The SIFT Method is a series of actions you can take in order to determine the validity and reliability of claims and sources on the web. Each letter in “SIFT” corresponds to one of the “Four Moves."
This first step asks you to pause for a moment before automatically trusting a source and accepting it as true. Don't share it or use it for your research until you know more.
What do you know about the author, website, or organization? Are they reputable? What do others have to say about them? Read on to learn about the next three steps of the SIFT Method, which teach you how to find out.
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This steps asks you to investigate the source or the claim being made.
Become a fact checker! What do other sources say about the source of your information (such as the author, the website, or the organization) or the claim being made?
To investigate the author or their affiliations, start by Googling their name.
To investigate a claim, start by Googling it.
Research the following source: National Vaccine Information Center
What do others have to say? Research names or people you find, other affiliations, and news stories about the organization. Wikipedia can provide a starting point, but should not be your stopping point.
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This step asks you to find better coverage of the source or claim. It's about determining if you have the best source for your information need.
When you did your fact checking in the previous step, did you find consensus among multiple reputable sources? Legitimate information should be covered by many sources and treated similarly (without extreme bias).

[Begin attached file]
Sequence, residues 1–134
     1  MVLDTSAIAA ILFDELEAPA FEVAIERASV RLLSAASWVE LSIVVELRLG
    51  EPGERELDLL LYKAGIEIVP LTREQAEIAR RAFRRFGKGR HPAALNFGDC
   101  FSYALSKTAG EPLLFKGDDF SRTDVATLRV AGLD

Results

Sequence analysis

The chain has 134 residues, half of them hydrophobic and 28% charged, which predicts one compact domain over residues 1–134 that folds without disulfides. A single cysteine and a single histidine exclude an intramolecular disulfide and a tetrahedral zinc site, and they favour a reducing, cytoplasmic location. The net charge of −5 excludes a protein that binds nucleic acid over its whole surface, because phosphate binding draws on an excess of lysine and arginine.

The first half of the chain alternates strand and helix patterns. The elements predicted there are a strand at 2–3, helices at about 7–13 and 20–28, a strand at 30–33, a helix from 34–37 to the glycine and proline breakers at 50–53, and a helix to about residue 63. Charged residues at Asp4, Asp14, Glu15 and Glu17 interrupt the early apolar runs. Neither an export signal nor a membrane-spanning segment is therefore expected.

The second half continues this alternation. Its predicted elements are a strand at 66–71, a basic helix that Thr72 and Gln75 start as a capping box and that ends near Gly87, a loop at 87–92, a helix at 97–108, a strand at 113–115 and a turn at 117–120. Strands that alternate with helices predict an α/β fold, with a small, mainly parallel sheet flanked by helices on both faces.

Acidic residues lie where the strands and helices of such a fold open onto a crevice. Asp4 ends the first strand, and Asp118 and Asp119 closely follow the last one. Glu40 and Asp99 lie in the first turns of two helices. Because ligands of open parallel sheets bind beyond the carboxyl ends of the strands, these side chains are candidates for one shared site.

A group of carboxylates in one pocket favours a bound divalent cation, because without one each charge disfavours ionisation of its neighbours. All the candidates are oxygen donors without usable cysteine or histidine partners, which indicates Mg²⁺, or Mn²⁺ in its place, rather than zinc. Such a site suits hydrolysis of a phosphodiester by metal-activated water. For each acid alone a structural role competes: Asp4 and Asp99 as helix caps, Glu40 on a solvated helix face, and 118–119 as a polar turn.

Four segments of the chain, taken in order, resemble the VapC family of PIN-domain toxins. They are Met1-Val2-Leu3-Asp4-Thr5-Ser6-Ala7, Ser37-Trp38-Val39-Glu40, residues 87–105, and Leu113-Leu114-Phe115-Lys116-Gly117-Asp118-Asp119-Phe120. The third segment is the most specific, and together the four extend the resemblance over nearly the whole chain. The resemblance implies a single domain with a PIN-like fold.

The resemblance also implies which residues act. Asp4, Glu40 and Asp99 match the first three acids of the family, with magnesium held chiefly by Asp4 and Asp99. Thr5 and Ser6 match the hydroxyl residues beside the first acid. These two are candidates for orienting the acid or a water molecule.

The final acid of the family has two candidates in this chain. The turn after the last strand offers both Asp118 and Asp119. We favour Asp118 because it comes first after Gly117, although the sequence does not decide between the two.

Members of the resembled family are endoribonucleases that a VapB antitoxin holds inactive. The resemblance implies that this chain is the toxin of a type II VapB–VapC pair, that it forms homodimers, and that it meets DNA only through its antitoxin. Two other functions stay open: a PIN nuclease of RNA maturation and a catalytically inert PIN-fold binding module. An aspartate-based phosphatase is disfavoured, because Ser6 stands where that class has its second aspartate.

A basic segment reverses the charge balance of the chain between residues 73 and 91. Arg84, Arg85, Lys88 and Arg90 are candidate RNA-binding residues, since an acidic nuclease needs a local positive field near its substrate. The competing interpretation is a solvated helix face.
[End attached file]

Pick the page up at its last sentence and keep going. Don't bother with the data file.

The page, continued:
While you’re looking for better coverage or trying to determine some kind of consensus and you come across sources you’re not familiar with, go back a step and investigate those new sources.
Other coverage might be more in-depth, more reputable, more varied, or more current. For example, an article about U.S. airline policies and COVID-19 from a popular magazine might be fine for personal purposes, but if you're writing a research paper about that topic, a better source might be the CDC or even information directly from a specific airline's website.
When you search Google, look beyond the first few results, which can be sponsored content or ads. Businesses can pay for their sites to float up to the top, but that doesn’t make them the best resource.
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This step asks you to trace your information back to the original source.
Good information should link to or cite their sources, or at the very least mention sources by name. It’s not uncommon to see a news article that states, “Sources say…” or “According to a recent report…” and not mention who their sources are or where to find that recent report.
If they refer to the source they used, track it down. Was the original source accurately represented? Was it reported on fairly? This is also called framing. How is the information structured? Even the author’s word choice can affect your perception of a story.
Do you have the entire story? Was anything left out? Was it taken out of context? This is common for information that appears on social media. Because of proprietary search algorithms, the way a story is covered on your news feed might be different than how it’s covered on someone else’s. Look for the entire story. It’s so easy to take a quote out of context to misrepresent an idea.
Images, Video, and Media
These can also be altered, taken out of context, or misrepresented.
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